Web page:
Three years ago our first act as a new government was in the interests of grain producers when we accelerated the grains and oilseeds payment program. We are investing $2.2 billion in the development of biofuels to open up new markets for our grains and oilseeds producers, to create new jobs for our rural communities and to create a better environment for Canadians. Those dollars have helped with the planning of new biofuel projects across Canada and will help build biofuels and biodiesel plants.
We have improved cash advance programming by doubling the interest-free portion for producers. We are helping the transfer of family farms to young farmers by boosting the capital gains exemption and doubling the amount of government-backed credit available to young farmers.
While this is something that can be captured in one paragraph of a speech, it is important that each one of these changes have critical effects on our producers and farmers not only in western Canada, but across the country. These are changes that farmers have been asking for, for 20 years. Finally, in the first three years our government has not only moved forward but has accomplished many of these.
The new agriculture loans act would guarantee an additional $1 billion in loans over the next five years to Canadian farm families and cooperatives. The is working hard to open new markets for our grain and pulse farmers around the world. The minister is also delivering real action for our farmers so that they can continue to fuel our economy and remain competitive both at home and abroad.
At the WTO agriculture negotiations, we remain committed to pursuing an ambitious outcome that benefits Canada's entire agriculture sector, not pitting one aspect of our Canadian agricultural economy against another as has happened in the past.
New marketing opportunities will help Canada get through the current economic uncertainty and come out stronger than ever. Stable, bankable farm programs will also help farmers weather the storm and continue to drive the Canadian economy. That is what the growing forward framework is all about, making Canadian agriculture stable in the present day and building a strong agriculture future not only for current farmers but for our future farmers.
Business risk management programs are a key part of growing forward. We have replaced CAIS with programs that are more predictable, more responsive and more bankable. I can assure members that this was a major platform plank in my first election to Parliament. The producers in the areas that I represent, whether they be grains and oilseeds producers, whether they be cattle producers, whether they be supply management producers, wanted a more bankable, more stable, and more predictable system.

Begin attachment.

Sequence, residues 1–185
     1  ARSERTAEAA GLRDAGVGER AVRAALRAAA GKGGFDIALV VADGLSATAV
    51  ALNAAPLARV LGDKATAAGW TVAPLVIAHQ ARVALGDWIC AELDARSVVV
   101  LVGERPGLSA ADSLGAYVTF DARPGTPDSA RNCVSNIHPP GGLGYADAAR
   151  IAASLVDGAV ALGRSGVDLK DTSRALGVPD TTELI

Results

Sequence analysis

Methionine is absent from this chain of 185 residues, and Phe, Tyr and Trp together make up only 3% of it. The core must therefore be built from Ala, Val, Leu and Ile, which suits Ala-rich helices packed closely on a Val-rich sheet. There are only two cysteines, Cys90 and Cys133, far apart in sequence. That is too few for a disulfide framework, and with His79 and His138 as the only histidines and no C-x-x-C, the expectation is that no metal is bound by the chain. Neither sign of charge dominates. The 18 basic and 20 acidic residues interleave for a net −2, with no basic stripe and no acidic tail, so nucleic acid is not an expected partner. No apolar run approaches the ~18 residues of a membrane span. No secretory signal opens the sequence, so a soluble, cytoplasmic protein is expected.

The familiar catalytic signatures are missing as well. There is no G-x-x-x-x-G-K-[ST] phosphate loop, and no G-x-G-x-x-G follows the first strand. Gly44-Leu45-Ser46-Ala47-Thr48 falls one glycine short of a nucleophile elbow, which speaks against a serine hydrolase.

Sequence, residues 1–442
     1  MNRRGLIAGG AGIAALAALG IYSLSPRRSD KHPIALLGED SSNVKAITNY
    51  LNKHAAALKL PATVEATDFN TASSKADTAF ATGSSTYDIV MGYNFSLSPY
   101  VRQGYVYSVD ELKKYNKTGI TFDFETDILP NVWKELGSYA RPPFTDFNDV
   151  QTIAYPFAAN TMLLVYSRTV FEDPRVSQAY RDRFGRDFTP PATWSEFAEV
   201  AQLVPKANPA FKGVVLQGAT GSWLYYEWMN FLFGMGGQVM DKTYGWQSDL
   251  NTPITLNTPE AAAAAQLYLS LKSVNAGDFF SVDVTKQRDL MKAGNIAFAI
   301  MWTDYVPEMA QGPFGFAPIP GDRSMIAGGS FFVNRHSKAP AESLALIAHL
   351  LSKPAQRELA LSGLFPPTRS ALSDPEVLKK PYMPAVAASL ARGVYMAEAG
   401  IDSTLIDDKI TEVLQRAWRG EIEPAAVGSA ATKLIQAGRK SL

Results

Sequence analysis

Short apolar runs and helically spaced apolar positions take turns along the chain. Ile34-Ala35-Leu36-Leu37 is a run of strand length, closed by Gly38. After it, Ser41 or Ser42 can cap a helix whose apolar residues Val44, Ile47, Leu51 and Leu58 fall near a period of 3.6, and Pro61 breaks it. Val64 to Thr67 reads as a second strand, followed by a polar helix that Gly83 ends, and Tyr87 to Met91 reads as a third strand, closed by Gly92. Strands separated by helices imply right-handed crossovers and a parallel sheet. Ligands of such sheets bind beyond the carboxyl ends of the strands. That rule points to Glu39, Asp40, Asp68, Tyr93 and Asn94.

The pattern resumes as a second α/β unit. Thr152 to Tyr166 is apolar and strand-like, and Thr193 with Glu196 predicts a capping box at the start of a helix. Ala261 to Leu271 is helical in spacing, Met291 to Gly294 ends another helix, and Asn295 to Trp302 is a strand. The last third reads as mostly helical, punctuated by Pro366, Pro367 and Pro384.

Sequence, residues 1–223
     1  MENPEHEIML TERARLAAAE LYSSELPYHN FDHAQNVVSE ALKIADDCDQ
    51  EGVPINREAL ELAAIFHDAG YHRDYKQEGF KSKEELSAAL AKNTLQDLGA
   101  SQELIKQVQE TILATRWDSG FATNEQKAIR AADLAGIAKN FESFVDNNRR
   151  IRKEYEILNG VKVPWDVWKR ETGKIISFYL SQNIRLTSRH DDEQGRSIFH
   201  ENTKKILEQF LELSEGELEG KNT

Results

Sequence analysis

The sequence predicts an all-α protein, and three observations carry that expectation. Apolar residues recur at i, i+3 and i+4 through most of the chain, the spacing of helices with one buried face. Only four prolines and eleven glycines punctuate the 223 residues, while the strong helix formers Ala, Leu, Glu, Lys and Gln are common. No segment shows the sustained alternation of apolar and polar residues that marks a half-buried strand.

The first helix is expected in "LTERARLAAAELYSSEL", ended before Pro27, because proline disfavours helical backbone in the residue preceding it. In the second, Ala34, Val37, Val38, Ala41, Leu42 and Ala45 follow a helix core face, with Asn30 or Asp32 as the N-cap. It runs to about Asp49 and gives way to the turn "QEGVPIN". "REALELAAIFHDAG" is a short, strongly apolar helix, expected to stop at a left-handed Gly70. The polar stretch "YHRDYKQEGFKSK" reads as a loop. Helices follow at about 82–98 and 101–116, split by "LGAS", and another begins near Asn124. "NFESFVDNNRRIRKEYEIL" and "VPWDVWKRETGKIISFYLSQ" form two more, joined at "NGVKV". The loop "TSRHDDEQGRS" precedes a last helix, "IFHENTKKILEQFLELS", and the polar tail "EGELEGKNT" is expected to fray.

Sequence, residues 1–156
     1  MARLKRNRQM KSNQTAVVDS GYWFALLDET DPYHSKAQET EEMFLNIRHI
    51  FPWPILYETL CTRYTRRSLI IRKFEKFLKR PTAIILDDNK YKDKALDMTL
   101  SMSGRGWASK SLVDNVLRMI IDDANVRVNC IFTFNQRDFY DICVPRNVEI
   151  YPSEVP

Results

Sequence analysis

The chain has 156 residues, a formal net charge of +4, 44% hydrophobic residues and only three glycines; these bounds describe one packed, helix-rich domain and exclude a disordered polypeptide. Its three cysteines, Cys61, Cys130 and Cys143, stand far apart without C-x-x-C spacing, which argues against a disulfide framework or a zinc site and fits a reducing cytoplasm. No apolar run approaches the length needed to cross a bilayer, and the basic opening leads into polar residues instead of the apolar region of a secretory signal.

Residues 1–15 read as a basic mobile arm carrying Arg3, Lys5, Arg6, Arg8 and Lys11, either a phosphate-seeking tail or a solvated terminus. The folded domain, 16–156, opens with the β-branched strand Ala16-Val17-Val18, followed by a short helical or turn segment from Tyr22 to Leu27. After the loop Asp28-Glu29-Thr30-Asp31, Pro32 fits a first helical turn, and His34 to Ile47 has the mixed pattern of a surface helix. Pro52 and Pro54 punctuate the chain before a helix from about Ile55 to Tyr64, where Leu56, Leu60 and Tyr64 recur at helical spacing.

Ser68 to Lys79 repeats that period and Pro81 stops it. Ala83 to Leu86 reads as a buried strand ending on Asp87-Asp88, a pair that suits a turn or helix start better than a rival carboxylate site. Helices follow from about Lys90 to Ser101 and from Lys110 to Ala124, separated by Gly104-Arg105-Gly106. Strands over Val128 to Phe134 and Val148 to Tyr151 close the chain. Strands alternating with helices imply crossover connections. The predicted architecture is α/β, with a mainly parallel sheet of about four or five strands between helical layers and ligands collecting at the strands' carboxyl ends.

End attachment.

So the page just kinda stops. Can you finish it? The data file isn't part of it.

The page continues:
We promised to eliminate the CAIS program. We did that. We replaced it with growing forward. We went across this country to hold round-table consultations, not just myself and members on this side of the House but also the . We made unprecedented stops all across this country. Unlike former governments, he did not just get off the plane and stop at the nearby airport to host a meeting. He went out into farm communities, held those consultations and listened to farmers. We came forward to separate agriculture stability from disaster relief, putting in the top tier of our growing forward program. These are programs that our producers have been asking for, and we are delivering.
Business risk management programs are a key part of growing forward. We have replaced CAIS with programs that are more predictable, more responsible and, as I said, more bankable. Those programs have delivered $1.5 billion to our livestock producers in their time of need.
We have worked with pork producers to deliver a $75 million transition program, government-backed loans and international market development. Producers want to make their living in the marketplace. We have delivered $17 million for pork marketing to get more buyers bidding on our products.
Canada's economic action plan is making sure the agricultural industry emerges stronger than ever from the current economic crisis.
We announced a $500 million agricultural flexibility plan aimed at helping farmers with regional market challenges and opportunities. These funds are helping farmers cope with cost of production pressures, promote innovation and ensure environmental sustainability. This money is already supporting action on traceability for our livestock sector.
We also set aside $50 million to strengthen our slaughter and meat processing capacity.